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What Do the Kochs Want? Would It be Good for West Virginia?

GRAPHIC: The campaign ads already are running in West Virginia's 3rd congressional district, many paid for by a network of groups started by the oil and chemical billionaire Koch brothers. What do the Kochs want? Screengrab from an ad by Nick Rahall for Congress.
GRAPHIC: The campaign ads already are running in West Virginia's 3rd congressional district, many paid for by a network of groups started by the oil and chemical billionaire Koch brothers. What do the Kochs want? Screengrab from an ad by Nick Rahall for Congress.
June 26, 2014

CHARLESTON, W. Va. – The Koch brothers have become an issue in the race between West Virginia Congressman Nick Rahall and State Senator Evan Jenkins.

But what do the brothers, who made billions in oil and chemicals, want?

Michael Beckel, a reporter with the Center for Public Integrity, says the Kochs' big-money political network is designed to promote hard-core libertarian policies - such as privatizing Medicare and Social Security, and opposing a minimum wage.

"The Koch brothers are advancing a particular ideological agenda. They would like to see more lawmakers adopt those types of policies," says Beckel.

Most Koch political organizations say their objective is to increase economic growth through free-market policies. But according to Robert Maguire, an investigator at the Center for Responsive Politics, the groups funnel millions into other groups, that produce attack ads on hot-button social issues the Kochs have said they don't really care about.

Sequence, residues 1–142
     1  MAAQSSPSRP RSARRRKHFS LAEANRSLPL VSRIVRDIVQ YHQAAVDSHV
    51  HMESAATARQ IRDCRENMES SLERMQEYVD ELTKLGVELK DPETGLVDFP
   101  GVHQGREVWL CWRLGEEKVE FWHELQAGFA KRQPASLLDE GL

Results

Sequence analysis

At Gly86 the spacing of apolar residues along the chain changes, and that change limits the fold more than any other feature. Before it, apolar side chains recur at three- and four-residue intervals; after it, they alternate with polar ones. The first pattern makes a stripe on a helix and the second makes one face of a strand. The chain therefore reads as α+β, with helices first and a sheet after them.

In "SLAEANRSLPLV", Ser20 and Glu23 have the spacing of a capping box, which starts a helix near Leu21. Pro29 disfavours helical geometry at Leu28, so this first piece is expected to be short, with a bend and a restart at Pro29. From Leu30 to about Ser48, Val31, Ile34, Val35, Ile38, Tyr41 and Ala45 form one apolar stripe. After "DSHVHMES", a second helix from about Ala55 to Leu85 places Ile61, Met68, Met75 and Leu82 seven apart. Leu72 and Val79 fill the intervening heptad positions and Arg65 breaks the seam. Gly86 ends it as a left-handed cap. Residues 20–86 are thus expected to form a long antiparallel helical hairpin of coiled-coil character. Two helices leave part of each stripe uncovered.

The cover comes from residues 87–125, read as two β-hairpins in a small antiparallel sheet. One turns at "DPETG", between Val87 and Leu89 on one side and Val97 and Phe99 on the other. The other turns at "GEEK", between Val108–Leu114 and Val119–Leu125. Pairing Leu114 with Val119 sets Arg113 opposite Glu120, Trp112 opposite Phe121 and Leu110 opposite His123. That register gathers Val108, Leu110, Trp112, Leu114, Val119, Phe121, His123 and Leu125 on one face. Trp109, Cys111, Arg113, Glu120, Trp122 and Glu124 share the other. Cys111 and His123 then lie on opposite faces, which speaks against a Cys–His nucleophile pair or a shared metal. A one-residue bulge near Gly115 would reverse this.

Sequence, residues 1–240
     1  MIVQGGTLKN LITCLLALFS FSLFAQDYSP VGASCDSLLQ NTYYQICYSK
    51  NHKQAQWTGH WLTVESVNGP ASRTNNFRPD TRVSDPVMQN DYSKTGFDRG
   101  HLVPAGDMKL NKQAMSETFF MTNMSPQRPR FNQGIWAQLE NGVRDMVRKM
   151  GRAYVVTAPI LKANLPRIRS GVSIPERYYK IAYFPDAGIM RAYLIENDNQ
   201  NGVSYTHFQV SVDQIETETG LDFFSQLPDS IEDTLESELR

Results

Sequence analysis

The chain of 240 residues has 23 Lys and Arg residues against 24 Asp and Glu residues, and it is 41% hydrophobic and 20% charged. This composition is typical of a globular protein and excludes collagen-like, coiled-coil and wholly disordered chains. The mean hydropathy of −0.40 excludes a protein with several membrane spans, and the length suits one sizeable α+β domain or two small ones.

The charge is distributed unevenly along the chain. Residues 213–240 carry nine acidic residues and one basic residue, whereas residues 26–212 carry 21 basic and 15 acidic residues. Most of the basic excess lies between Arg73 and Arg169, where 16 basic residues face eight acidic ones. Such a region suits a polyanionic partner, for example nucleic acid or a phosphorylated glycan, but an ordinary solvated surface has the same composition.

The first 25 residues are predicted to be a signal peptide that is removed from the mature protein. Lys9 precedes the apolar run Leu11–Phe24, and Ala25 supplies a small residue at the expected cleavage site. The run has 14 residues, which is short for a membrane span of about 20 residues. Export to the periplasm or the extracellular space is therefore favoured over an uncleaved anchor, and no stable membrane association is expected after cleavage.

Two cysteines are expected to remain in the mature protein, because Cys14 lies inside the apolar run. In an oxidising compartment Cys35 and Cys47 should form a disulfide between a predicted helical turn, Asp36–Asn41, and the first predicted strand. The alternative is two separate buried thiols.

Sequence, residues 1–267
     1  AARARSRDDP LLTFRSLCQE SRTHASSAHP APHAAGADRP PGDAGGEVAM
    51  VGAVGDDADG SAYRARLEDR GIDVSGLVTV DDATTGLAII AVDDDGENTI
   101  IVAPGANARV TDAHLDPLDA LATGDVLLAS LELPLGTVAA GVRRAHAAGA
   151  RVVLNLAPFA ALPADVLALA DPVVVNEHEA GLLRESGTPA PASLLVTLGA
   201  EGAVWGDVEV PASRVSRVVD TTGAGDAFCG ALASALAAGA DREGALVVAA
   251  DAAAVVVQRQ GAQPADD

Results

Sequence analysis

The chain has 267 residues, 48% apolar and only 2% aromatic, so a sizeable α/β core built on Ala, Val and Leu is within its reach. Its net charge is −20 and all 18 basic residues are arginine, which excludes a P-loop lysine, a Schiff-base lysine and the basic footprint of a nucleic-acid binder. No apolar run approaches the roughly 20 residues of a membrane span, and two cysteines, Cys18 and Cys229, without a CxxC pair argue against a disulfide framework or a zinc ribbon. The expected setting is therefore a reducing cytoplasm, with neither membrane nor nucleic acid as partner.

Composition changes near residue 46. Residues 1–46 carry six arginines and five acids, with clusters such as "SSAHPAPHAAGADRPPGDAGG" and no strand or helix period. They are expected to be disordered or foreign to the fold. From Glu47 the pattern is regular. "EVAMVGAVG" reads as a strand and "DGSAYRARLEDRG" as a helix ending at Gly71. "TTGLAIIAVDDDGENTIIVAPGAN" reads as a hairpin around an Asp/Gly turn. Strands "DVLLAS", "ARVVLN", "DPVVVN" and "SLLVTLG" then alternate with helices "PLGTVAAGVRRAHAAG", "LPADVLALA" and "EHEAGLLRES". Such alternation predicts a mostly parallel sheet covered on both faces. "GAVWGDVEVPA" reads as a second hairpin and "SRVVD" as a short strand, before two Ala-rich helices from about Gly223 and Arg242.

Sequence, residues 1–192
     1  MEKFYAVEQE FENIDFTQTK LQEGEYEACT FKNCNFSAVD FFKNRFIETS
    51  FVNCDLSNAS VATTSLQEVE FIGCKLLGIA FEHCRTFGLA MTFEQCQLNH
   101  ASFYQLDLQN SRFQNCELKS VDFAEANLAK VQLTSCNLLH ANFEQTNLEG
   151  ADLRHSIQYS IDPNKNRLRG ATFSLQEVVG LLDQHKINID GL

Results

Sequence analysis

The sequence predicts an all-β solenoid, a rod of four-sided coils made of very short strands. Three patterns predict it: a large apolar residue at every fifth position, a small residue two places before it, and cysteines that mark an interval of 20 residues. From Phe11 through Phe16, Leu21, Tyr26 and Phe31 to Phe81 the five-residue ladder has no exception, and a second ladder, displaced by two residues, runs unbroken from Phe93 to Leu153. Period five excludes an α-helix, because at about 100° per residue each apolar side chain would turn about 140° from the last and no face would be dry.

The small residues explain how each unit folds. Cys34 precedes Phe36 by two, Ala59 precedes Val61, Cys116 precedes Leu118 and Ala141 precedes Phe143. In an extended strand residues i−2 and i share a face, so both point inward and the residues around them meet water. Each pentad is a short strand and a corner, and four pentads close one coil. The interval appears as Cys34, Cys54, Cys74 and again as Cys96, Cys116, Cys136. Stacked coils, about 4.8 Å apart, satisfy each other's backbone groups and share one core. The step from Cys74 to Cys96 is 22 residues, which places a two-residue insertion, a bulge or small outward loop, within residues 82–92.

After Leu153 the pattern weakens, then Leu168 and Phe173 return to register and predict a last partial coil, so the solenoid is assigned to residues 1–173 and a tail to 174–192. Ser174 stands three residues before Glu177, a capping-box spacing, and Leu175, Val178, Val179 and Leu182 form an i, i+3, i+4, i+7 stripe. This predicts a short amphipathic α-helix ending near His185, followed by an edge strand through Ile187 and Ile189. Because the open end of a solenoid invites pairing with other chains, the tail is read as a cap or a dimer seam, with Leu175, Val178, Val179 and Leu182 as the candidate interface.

Maguire points to a group called the Center to Protect Patients' Rights, which changed its name to American Encore after receiving unflattering media coverage.

"It granted money to the National Rifle Association, to Americans United for Life. It granted to, I believe, The American Values Coalition," says Maguire.

Ted Boettner, executive director of the West Virginia Center on Budget and Policy, warns that ending the minimum wage and privatizing Medicare would be especially destructive moves in West Virginia.

"Privatizing Medicare would not only push a larger share of health costs onto seniors, but it would dramatically increase total health-care spending by reducing the bargaining power of Medicare," says Boettner.

He points out that West Virginia has a high proportion of low-income seniors, which he believes would make privatizing Social Security a disaster.

"Privatization is not a plan for Social Security; it's a plan to dismantle Social Security," he says. "Privatization means increased retirement risk, severe cuts in Social Security benefits, and a large increase in our federal debt."

The state branch of the Koch group Americans For Prosperity didn't return a call requesting comment for this story.

Dan Heyman, Public News Service - WV